UK: Final Statements

Last Updated: 17 January 2001

We have known for a while the implications of the Final Statement under a traditional form of building contract. In Crown Estates Commissioners v John Mowlem (1994) the Court of Appeal held that, subject to arbitration proceedings being commenced within the stated timescale, the Final Certificate under JCT 80 could be taken as conclusive evidence of the architect's reasonable satisfaction that the standards of workmanship and the quality of all materials were in compliance with the contract. The effect was that, prior to amendment 15 of JCT 80, the issue of a Final Statement meant that the contractor would be free from liability for defects in materials and workmanship.

However, with so much work in the industry being conducted using design and build forms, the application of Mowlem was unclear. We now have a decision dealing with the "conclusive evidence" defence under the JCT With Contractor's Design (1981 Edition) which applies the reasoning of the Mowlem decision to design and build contracts.

In London Borough of Barking and Dagenham v Terrapin Construction Limited (2000) the Employer Council employed Terrapin under a JCT 81 Form of Contract, without amendments, for refurbishment and building works at a school. The Conditions included a Final Account and Final Statement clause (clause 30.8.1). This provided that upon agreement or conclusion of the Final Account and Final Statement, the same were to be effective "as conclusive evidence that where it is stated in the Employer's Requirements that the quality of materials or the standard of workmanship is to be to the reasonable satisfaction of the Employer the same are to such satisfaction…".

The Employer issued proceedings seeking damages for breach of contract, negligence and breach of statutory duty. Terrapin relied on clause 30.8.2, the conclusive evidence clause. Judge Newman at first instance held that all claims were subject to the conclusive evidence clause other than those based on failure to comply with any statutory requirements. Both parties appealed against the decision. Four issues arise in the Court of Appeal's decision which have important implications for claims for defects under JCT 81.

First, the Court's view was that, as regards the conclusiveness of the Final Statement, there was not a fundamental distinction between the provisions of the 1980 Form of Contract and the 1981 Form. Although under JCT 81 the Employer had divested itself of design responsibilities, the works still had to be to its satisfaction. This necessarily encompassed the quality of materials and the standard of workmanship.

Secondly, the Court agreed that the conclusive Final Statement defence did not extend to defects in design of the work. The Employer relied on clause 2.5.1 (the express design warranty), the absence of an architect against whom they would have recourse, and the absence of the word "design" in clause 30.8.1 itself. The Court accepted this interpretation of the clause, remarking that the 1981 Form contains a clear distinction between design and workmanship responsibilities.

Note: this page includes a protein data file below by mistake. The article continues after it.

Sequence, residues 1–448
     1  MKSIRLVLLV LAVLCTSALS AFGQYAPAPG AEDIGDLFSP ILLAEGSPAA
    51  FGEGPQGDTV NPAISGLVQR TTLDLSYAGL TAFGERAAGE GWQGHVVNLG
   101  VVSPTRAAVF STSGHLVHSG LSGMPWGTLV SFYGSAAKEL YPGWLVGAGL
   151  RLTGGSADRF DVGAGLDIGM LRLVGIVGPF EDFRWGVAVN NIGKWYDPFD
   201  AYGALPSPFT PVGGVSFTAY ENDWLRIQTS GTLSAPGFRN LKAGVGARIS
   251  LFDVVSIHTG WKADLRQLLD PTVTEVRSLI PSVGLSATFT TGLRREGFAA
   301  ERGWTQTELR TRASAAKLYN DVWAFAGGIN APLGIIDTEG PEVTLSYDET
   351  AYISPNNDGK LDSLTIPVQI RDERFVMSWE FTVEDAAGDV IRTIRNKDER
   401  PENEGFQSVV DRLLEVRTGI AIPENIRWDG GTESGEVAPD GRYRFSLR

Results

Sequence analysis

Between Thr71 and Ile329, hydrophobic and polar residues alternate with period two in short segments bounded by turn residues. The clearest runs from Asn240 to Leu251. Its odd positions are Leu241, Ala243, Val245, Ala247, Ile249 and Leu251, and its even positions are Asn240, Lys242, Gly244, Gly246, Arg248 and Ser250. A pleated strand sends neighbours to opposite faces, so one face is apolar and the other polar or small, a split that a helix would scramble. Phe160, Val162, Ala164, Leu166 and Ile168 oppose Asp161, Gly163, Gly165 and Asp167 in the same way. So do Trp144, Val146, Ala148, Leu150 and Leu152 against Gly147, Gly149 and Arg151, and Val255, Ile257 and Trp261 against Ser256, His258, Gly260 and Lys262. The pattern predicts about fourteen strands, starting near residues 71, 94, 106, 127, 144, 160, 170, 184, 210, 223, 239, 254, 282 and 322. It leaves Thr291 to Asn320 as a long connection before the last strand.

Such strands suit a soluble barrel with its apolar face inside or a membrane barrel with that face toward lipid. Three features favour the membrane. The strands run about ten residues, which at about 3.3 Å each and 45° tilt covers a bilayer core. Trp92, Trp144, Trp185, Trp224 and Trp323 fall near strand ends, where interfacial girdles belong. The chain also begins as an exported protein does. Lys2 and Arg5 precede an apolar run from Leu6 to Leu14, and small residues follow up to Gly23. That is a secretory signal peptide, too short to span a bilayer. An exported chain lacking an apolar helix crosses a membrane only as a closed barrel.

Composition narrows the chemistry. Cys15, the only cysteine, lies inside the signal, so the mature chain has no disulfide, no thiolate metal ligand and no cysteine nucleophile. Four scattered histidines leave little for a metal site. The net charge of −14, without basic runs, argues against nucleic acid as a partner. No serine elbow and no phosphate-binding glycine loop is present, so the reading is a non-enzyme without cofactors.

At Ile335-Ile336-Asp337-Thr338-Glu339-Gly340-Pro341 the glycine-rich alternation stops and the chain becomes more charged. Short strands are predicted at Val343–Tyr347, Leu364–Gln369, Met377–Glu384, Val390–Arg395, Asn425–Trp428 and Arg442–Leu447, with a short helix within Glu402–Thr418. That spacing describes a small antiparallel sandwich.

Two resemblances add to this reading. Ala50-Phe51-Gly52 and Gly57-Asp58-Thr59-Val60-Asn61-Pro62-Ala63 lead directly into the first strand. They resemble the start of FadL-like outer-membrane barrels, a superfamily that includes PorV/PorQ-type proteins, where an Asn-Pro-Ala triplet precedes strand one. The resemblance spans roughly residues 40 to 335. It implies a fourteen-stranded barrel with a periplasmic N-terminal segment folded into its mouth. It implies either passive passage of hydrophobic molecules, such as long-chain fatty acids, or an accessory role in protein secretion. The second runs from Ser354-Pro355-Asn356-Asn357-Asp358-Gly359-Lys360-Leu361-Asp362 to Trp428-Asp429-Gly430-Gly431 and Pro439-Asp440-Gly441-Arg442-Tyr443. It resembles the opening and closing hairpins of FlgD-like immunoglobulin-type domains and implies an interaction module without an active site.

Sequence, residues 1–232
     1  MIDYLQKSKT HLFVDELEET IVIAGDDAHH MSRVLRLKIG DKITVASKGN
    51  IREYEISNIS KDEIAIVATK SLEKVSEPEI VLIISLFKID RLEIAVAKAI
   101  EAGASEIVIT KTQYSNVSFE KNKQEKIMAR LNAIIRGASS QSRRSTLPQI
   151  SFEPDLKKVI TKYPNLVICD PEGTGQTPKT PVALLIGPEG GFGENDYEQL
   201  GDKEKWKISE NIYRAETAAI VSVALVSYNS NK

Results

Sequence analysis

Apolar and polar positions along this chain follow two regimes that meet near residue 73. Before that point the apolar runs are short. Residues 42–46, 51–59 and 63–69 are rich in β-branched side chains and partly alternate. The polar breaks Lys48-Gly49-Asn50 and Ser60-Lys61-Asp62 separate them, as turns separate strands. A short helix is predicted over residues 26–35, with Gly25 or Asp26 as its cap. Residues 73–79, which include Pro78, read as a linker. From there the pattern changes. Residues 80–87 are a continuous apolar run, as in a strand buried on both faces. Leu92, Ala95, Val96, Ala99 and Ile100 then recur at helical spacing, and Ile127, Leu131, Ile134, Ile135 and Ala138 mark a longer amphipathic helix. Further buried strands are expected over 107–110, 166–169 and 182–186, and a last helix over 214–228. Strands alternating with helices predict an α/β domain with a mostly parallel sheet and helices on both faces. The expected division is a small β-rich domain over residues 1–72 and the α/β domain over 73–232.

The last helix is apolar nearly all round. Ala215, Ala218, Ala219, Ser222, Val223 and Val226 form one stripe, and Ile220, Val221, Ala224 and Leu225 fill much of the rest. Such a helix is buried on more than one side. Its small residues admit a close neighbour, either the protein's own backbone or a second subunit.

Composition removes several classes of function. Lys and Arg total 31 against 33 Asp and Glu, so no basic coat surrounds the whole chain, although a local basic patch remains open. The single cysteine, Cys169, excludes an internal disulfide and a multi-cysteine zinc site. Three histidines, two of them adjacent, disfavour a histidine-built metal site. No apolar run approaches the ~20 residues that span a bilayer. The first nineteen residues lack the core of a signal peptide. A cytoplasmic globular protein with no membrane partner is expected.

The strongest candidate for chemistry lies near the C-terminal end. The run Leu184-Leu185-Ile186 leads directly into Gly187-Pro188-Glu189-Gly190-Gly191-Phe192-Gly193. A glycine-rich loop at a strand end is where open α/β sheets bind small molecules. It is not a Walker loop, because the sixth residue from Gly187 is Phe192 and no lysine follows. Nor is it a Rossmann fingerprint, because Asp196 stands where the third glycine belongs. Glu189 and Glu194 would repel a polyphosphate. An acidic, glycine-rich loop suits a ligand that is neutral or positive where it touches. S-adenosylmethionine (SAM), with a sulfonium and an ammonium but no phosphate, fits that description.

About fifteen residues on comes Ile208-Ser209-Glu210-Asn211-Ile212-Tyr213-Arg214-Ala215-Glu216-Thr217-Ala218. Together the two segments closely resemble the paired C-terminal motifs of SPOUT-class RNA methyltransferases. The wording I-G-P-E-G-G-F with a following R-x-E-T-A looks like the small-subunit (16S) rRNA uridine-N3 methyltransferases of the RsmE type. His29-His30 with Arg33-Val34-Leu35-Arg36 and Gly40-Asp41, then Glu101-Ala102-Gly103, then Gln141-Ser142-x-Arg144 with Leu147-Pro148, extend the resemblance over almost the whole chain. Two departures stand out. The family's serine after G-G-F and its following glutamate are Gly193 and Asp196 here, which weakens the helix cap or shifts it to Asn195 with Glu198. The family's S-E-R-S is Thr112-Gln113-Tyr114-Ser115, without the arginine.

Thirdly, the Court disagreed with the argument that clause 30.8.1 did not provide a defence to claims for latent defects in the Works. The Employer argued that if the defect was not reasonably discoverable by the Employer, then the Employer could not have been satisfied with this aspect of materials and workmanship. The Court held that clause 30.8.1 makes no distinction between patent and latent defects. Had the Employer wished to exclude latent defects from the conclusiveness effected by clause, it could have done so by express provision. Furthermore, the Employer had some supervisory responsibility for the works, and had retained the right to satisfy itself on the works "in all aspects" save as to design. The issue of the Final Statement effectively discharged the Contractor, in the absence of fraud, from liability for defects in workmanship which had not been discovered at that date.

The fourth issue arose from Terrapin's appeal against the decision that the conclusive evidence defence was not available in relation to claims for failure to meet statutory requirements. Clause 6 of the contract placed an obligation on the Contractor to comply with statutory requirements. The Court of Appeal held that the Employer's obligation to satisfy itself of the works included the contractual obligations under clause 6. Clause 30.8.1 refers to the expressions "quality of materials" and "standards of workmanship" without reference to whether the Contractor's obligations arise from statute or the contract. The clause does not exclude compliance with statutory requirements.

Employers should consider this case a warning about the undesirable consequences of the Final Statement in the context of an unamended JCT 81 Form of Contract. In issuing a Final Statement they will be accepting, unequivocally, the quality of materials and standard of workmanship. By comparison, JCT 98 WCD provides that where the qualities of materials or standard of workmanship is described expressly in the Employer's Requirements to be for the approval of the Employer, the particular quality or standard is to his reasonable satisfaction. The Final Account and Final Statement shall not be conclusive evidence that such or any other materials or workmanship complies with the contract. That difference is good reason for choosing WCD 98 over JCT 81. This case also serves as a reminder for employers under unamended JCT 81 contracts to satisfy themselves as to the quality of the works.

The information and opinions contained in this publication are provided by national law firm Hammond Suddards Edge. They should not be applied to any particular set of facts without seeking appropriate legal or other professional advice.

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